> when they feature Snape). And Snape still remained a darkly ambiguous
> with all sorts of hints at his role in the final books.
Yes. I kept wishing that Harry would swallow his pride, apologize to Snape
after snooping in the pensieve, and have a long talk with him about Harry's
father. I also wish Snape would get over his obvious favoritism of the
Slytherins and dislike of the Gryffindors. He obviously is a first-class
wizard and would be a fabulous potions teacher if he were not so blinded by
his own emotions.
> The introduction of Neville as a major character was marvellous, including
> tragic past and parents which mirror Harry's experience. And taking
> right to the end of the climax at the Ministry of Magic, beyond the points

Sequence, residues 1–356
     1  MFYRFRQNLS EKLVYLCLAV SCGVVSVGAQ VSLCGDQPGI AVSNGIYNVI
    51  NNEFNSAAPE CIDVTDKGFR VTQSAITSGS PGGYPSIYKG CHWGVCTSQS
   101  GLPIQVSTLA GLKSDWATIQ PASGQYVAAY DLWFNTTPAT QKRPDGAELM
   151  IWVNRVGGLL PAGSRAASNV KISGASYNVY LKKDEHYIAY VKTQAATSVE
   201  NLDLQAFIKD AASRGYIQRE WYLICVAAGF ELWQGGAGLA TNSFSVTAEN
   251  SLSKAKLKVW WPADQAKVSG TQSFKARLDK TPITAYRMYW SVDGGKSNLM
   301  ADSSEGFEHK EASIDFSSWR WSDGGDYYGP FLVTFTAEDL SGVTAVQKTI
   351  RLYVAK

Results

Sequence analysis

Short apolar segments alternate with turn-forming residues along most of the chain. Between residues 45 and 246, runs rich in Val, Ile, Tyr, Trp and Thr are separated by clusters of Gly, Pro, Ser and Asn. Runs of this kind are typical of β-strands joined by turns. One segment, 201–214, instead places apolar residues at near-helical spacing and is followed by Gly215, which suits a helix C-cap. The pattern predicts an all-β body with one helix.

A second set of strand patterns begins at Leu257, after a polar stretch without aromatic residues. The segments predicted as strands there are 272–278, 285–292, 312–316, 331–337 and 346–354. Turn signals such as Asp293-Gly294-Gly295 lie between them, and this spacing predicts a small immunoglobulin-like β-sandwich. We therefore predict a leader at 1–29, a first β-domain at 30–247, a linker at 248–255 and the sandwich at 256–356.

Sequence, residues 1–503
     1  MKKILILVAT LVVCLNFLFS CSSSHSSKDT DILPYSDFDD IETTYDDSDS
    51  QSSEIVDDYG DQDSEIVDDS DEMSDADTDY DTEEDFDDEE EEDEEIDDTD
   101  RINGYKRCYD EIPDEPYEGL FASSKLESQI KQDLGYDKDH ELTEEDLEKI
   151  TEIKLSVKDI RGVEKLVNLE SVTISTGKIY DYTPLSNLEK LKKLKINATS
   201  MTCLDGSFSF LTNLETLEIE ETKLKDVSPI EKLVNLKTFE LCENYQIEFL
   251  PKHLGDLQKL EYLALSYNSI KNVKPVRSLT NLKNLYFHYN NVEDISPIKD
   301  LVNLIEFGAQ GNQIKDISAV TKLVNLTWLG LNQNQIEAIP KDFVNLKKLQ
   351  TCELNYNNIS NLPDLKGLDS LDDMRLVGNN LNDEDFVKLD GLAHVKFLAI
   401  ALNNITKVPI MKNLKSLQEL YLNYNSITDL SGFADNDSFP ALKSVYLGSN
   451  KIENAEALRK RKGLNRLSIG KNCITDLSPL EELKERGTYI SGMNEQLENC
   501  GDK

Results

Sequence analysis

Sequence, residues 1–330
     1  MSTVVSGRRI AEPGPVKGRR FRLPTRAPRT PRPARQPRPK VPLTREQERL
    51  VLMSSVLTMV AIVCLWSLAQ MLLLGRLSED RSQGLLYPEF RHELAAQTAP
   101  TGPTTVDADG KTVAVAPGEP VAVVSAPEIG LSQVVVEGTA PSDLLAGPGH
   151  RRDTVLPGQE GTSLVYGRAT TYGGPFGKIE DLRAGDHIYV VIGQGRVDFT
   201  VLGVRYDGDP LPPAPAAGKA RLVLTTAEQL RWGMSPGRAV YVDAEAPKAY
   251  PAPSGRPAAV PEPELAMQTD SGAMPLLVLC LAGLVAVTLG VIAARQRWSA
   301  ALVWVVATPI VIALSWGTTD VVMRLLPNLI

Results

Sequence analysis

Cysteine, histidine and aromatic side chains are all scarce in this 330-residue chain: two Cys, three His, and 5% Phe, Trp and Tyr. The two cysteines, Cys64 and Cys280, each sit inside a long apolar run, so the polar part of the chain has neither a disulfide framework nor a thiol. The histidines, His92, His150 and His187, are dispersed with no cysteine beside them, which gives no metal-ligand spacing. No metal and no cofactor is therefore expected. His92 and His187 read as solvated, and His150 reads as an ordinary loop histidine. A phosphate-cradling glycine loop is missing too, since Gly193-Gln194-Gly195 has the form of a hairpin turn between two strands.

> where Hermione and Ron were involved, was another welcome surprise.
> the new hero of the 'Harry Potter' books, especially in the final scenes.
> Since the first book, though (where Neville played a larger part than in
> film), Neville's been a significant character: in Harry's very first
> on a broomstick, in 'Philosopher's Stone', he saves Neville's remembrall
> Malfoy - a seemingly trivial act which embodies many of the confrontations
> the 'Harry Potter' series (good vs. evil, Gryffindor vs. Syltherin, a
> over a magical object, Harry vs. the son of a Death-eater and follower of
> Voldemort). Four books later, Harry and Neville are pitted against another
> Malfoy - Lucius - who, at the end of 'The Order of the Phoenix', leads an
> attack of Death-eaters on the group.
> Neville also ties in with Dumbledore's pronouncement to Voldemort, a few
> minutes after that chase and attack: the Dark Lord's convinced there's